Considering how much space a dress can take up against a different backdrop is another design element that’s sent certain styles back to the tailor. “If your guest number shrank and you were originally planning on wearing a huge gown, maybe it’s about wearing a slimmer style to the reception and only wearing that bigger gown down the aisle,” Goldberg says. “In a space with so few people, you take up a lot more space than your guest count does.”
Goldberg further illustrates this point with another anecdote, featuring what was once an indoor winter wedding at a dramatic urban venue that morphed into an outdoor summer event. In keeping with the revised aesthetic of the upcoming celebrations, the bride decided to remove her gown’s embroidered sleeves to create a sleeveless V-neck look better suited to her sun-dappled surroundings.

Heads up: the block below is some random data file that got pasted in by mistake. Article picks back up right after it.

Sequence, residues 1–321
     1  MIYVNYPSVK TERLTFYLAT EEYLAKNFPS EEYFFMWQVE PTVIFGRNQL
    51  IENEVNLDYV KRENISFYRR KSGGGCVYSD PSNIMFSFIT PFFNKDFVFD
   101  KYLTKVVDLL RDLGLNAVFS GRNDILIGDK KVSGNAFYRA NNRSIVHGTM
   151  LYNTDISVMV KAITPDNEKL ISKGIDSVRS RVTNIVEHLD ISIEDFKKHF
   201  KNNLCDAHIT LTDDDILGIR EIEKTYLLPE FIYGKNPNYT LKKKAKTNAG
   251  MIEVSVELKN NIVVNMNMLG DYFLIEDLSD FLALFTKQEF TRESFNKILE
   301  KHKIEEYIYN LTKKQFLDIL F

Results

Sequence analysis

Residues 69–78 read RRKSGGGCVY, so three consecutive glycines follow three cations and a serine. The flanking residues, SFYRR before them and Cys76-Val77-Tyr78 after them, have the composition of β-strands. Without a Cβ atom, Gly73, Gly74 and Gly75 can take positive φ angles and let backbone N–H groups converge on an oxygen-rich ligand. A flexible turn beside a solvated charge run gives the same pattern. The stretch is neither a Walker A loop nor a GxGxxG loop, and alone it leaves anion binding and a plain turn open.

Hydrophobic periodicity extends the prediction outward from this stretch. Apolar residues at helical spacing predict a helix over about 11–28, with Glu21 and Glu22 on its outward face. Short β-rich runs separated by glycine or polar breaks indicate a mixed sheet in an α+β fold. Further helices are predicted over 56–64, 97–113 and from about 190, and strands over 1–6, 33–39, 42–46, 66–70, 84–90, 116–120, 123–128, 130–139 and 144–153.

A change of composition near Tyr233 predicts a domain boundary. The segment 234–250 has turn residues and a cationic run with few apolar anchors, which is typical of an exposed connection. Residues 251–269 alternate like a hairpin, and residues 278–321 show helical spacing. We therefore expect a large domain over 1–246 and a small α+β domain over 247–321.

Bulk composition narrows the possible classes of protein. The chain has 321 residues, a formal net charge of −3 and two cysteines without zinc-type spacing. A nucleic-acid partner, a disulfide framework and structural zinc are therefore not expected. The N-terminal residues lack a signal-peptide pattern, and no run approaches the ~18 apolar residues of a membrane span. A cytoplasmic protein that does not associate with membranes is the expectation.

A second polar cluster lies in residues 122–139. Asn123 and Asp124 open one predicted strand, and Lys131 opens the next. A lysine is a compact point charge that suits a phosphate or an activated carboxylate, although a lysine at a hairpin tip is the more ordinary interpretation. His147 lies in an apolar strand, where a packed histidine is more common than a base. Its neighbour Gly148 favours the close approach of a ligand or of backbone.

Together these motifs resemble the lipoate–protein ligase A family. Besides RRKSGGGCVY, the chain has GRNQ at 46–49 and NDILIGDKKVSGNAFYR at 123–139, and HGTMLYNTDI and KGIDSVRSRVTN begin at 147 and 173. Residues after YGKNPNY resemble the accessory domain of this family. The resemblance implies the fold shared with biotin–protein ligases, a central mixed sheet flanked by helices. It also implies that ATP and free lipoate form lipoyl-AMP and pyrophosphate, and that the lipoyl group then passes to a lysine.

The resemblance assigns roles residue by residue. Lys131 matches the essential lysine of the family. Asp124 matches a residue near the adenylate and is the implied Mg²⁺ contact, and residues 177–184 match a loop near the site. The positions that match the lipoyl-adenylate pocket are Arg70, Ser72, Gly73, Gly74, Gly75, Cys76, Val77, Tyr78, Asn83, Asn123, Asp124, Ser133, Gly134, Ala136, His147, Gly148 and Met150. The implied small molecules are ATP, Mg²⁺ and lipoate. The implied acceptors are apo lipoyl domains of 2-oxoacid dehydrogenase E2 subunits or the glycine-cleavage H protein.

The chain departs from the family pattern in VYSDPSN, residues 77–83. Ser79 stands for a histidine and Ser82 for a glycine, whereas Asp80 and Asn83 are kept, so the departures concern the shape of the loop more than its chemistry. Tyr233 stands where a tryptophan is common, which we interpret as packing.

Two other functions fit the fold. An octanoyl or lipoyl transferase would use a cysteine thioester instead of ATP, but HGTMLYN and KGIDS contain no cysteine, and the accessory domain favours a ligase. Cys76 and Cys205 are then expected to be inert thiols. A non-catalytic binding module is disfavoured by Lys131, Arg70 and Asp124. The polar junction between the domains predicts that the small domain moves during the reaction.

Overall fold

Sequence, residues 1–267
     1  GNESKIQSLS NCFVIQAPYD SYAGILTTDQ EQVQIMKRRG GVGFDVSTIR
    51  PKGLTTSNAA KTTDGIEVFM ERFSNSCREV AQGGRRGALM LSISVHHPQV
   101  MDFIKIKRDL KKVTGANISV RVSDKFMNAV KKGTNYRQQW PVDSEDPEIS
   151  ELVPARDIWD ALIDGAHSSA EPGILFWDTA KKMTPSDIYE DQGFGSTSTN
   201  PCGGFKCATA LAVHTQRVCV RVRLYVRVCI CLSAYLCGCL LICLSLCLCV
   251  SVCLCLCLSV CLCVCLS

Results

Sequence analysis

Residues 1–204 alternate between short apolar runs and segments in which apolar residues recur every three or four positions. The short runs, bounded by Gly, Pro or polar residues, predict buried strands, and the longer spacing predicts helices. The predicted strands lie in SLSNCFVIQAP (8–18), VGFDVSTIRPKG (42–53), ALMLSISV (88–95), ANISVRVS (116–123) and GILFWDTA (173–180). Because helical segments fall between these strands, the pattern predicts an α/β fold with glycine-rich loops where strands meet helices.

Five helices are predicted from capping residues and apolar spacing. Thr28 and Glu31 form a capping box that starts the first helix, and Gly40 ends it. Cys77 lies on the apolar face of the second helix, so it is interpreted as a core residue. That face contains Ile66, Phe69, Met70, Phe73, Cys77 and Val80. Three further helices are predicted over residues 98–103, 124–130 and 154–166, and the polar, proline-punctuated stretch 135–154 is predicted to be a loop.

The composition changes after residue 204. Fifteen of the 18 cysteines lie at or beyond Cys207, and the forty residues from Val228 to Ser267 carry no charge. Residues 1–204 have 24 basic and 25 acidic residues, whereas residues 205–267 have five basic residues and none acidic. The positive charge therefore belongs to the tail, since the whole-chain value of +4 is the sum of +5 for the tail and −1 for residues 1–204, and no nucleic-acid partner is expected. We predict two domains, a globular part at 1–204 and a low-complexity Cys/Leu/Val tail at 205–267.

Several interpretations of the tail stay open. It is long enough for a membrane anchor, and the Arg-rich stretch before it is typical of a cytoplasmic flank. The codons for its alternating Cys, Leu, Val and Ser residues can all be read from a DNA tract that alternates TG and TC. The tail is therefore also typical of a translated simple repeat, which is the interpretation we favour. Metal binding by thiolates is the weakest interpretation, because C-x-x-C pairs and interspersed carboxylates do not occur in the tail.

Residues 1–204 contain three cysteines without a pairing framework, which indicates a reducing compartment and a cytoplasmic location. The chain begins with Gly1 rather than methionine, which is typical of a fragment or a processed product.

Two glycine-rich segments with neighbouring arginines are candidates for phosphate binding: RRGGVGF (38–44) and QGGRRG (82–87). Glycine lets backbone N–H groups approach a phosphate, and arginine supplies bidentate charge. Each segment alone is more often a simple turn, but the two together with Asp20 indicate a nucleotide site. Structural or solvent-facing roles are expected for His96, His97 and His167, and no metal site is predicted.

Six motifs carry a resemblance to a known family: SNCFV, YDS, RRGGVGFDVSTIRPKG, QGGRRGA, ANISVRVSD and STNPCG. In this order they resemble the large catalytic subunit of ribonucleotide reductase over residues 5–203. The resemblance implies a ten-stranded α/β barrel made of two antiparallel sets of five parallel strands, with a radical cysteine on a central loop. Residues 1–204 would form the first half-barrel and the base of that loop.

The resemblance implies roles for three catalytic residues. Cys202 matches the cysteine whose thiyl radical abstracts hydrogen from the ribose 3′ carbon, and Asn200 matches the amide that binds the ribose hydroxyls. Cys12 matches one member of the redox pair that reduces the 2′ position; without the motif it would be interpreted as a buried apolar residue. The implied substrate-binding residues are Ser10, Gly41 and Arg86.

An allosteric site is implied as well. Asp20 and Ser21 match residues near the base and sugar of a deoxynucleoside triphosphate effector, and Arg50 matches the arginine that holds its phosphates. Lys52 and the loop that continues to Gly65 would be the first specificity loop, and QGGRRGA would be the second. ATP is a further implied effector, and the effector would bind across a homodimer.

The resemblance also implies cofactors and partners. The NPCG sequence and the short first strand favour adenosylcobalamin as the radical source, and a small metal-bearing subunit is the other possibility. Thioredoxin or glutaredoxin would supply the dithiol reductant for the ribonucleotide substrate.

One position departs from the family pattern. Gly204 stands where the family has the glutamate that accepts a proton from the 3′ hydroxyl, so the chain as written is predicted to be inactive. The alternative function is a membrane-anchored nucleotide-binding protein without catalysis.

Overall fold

When you’ve cancelled your wedding three or even four times, you want to wear [a dress] to just feel happy.
Stephanie White, Odylyne the Ceremony
Katherine Holmgren, co-founder and business development director at the modern eveningwear and bridal label Galvan, has been navigating similarly upended circumstances with her clients. As business crescendos in tandem with easing restrictions and a mounting eagerness to gather in person, women who had put styles on hold for 2020 are finally ready to commit. But the pandemic is an ever-evolving situation, and so, too, are the wardrobe needs of many brides-to-be.